Habitat protections are the latest programs rescued from Trump-era rollbacks by the administration of President Biden.
Habitat protection and industrial development are two forces constantly at odds with one another. But while industrial development can always be taken in a direction that doesn’t harm more of the environment, habitat often cannot be recovered once it’s destroyed. Under President Trump, environmental protection laws were weakened seriously by two last-minute executive orders.
One of them allowed the government to ignore or deny habitat protections for vulnerable species in areas where “greater benefits” might come from development. The order did not specify what benefits or to whom the “greater benefits” would apply, making it a wide-open loophole for any jurisdiction to destroy unproductive habitat in favor of any business or industry which might generate tax revenue.
The other changed the definition of “habitat” in such a restrictive way that it would exclude almost anything.
Opponents to the Trump rollbacks accused them of favoring industry and profits over environmental concerns.
In President Biden’s first days in office, he set into motion a thorough review of all of President Trump’s policies, orders, and changes. These two were targeted by that review for the way they tied the government’s hands with regards to protecting vulnerable lands.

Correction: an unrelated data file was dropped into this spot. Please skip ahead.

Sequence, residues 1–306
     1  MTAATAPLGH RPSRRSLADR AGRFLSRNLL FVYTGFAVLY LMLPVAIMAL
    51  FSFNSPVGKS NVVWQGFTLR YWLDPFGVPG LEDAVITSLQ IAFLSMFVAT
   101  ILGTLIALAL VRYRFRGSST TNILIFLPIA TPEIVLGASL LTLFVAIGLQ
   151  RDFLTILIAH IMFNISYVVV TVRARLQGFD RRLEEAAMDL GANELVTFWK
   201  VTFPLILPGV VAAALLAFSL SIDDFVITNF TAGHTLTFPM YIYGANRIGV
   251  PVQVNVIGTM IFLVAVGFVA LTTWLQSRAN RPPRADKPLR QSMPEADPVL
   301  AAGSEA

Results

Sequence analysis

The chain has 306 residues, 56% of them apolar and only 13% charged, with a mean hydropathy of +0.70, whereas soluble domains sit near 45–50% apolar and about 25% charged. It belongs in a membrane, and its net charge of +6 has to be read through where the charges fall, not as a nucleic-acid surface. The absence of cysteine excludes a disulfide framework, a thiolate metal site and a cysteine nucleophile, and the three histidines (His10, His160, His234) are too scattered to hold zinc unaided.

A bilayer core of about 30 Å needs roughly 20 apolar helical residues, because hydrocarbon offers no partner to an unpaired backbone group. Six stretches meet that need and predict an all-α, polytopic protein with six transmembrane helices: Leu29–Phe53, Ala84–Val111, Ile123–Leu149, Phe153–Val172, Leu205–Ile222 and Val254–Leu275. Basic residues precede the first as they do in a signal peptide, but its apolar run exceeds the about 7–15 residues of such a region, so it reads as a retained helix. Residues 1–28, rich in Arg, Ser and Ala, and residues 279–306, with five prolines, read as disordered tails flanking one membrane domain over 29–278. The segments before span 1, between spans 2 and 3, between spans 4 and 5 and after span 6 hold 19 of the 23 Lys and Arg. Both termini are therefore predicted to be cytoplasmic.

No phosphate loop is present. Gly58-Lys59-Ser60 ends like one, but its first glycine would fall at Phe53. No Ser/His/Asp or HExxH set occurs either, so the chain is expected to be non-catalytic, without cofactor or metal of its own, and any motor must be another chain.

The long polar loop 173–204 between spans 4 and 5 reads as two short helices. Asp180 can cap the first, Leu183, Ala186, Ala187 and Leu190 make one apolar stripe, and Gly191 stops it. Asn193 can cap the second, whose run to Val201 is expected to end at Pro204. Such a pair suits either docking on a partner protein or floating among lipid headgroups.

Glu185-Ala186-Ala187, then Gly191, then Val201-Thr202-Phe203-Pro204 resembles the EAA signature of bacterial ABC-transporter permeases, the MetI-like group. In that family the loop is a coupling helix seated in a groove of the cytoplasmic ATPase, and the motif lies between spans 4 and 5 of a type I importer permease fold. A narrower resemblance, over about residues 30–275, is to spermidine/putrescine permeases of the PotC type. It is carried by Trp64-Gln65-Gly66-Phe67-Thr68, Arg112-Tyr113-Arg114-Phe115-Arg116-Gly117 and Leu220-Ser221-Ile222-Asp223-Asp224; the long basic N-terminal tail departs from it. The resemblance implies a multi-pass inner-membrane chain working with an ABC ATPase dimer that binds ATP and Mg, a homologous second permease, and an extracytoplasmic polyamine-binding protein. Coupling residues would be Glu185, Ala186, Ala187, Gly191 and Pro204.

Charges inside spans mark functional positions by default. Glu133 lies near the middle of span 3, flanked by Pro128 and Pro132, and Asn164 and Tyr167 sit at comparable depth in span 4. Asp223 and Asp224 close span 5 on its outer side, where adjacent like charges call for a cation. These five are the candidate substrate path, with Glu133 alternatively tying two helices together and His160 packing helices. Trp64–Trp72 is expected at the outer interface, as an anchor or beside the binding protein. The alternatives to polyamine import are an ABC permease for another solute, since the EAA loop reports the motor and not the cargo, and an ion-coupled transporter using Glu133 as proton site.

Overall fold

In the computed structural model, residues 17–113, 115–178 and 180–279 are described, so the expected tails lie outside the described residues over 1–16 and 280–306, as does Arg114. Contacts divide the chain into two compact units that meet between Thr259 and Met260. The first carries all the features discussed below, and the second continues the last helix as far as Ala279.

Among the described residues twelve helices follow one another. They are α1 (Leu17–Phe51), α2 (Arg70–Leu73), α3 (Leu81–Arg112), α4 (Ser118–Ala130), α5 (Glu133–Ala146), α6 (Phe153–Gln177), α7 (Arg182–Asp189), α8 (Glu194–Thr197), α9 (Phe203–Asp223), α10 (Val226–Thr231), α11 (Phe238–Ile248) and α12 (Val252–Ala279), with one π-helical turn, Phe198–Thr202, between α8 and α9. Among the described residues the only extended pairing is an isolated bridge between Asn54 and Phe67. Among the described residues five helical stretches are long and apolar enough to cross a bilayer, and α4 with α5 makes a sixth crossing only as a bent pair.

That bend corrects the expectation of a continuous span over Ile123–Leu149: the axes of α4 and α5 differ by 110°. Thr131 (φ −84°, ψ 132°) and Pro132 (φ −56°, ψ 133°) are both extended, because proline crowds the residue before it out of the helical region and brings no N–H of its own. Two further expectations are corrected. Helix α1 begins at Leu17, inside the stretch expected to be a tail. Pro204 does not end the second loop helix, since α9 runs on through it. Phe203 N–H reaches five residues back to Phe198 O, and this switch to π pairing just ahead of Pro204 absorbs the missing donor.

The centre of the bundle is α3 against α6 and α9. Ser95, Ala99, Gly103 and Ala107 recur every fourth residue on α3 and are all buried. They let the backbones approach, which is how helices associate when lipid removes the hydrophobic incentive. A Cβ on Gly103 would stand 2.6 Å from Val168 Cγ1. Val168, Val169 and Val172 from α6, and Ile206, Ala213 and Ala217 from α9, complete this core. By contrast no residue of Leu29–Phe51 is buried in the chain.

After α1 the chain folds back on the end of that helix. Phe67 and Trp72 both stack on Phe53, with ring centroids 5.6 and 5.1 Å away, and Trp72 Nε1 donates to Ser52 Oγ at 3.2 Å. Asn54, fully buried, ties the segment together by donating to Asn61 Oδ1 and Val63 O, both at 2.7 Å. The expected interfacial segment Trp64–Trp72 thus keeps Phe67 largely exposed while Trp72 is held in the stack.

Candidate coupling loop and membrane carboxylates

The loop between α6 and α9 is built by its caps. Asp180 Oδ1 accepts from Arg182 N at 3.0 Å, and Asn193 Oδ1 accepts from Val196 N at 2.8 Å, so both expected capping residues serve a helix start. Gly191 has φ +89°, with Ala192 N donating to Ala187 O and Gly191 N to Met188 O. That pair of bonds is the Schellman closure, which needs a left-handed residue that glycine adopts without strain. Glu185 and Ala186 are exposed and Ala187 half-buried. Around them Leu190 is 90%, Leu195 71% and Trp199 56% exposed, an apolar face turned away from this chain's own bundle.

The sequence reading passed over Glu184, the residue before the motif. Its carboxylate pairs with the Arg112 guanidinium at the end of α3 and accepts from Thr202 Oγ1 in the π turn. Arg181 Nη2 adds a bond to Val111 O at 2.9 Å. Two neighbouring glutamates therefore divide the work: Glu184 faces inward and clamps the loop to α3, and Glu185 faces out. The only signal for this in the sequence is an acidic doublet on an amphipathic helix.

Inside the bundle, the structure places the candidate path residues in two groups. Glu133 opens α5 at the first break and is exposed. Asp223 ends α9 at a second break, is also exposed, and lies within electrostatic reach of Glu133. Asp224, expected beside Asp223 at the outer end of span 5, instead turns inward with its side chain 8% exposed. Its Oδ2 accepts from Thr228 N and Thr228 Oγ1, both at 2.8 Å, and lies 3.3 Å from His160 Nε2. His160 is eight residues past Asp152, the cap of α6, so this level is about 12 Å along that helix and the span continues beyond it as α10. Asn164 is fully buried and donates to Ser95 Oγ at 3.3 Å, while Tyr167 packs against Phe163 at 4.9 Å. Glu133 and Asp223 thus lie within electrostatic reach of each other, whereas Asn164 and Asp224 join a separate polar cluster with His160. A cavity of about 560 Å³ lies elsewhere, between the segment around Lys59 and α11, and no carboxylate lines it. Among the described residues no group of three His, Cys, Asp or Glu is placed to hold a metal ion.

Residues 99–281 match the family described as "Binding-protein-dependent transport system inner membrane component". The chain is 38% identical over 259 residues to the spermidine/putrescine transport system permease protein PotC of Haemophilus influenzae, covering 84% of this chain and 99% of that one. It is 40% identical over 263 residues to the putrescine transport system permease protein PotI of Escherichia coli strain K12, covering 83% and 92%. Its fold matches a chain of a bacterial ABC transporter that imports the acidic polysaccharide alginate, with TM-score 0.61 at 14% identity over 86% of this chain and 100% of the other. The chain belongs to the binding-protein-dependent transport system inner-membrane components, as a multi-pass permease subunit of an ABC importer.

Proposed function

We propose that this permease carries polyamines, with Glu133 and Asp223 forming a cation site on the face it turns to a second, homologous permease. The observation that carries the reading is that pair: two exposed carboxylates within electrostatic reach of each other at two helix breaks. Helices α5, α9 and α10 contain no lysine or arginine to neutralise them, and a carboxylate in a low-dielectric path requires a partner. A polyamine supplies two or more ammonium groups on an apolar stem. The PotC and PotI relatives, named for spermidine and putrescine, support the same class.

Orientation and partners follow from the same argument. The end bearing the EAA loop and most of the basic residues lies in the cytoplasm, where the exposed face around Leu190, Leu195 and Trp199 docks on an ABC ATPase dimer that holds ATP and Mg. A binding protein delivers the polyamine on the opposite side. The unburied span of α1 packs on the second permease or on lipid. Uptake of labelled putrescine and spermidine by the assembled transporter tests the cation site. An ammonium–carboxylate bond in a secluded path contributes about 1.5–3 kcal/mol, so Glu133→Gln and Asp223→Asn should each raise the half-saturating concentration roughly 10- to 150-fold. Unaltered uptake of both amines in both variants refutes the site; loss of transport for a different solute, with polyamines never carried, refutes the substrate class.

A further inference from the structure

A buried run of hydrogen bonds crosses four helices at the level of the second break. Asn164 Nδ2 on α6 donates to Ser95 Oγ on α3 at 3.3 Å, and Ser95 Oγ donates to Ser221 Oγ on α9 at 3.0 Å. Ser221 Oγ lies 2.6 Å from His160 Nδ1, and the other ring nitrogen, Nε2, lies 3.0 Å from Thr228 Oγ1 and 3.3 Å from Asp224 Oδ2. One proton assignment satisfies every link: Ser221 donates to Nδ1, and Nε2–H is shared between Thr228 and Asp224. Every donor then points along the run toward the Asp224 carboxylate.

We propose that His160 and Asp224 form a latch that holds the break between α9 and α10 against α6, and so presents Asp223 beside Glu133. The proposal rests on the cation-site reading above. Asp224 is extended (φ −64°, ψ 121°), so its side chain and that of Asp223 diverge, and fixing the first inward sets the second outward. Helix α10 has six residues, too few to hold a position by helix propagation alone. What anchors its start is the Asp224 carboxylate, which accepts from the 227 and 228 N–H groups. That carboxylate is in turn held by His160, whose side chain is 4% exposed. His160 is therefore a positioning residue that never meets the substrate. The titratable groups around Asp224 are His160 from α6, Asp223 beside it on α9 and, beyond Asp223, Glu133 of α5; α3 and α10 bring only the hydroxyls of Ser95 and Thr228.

According to Shannon Estenoz, the Assistant Secretary for Fish and Wildlife and Parks, the removal of the rollbacks will bring the habitat and endangered species law back “into alignment with its original intent and purpose – protecting and recovering America’s biological heritage for future generations.”
Republican opponents called the move “tone deaf,” asserting that environmental protections make it punitively difficult to run a business. Several prominent Republicans have discussed introducing legislation to make the Trump rules permanent, but the idea stands little chance of passing in the currently Democrat-led House and Senate.
Environmentalists lauded the decision, and Noah Greenwald of the Center for Biological Diversity best says why: “You really can’t save endangered species without protecting the places they live.”